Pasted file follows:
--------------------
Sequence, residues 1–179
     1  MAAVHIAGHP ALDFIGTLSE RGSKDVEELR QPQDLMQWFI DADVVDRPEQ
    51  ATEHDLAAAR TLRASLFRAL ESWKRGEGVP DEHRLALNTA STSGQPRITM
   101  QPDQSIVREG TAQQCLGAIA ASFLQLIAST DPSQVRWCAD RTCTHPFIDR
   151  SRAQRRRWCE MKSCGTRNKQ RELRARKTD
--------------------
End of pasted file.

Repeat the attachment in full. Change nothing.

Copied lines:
Sequence, residues 1–179
     1  MAAVHIAGHP ALDFIGTLSE RGSKDVEELR QPQDLMQWFI DADVVDRPEQ
    51  ATEHDLAAAR TLRASLFRAL ESWKRGEGVP DEHRLALNTA STSGQPRITM
   101  QPDQSIVREG TAQQCLGAIA ASFLQLIAST DPSQVRWCAD RTCTHPFIDR
   151  SRAQRRRWCE MKSCGTRNKQ RELRARKTD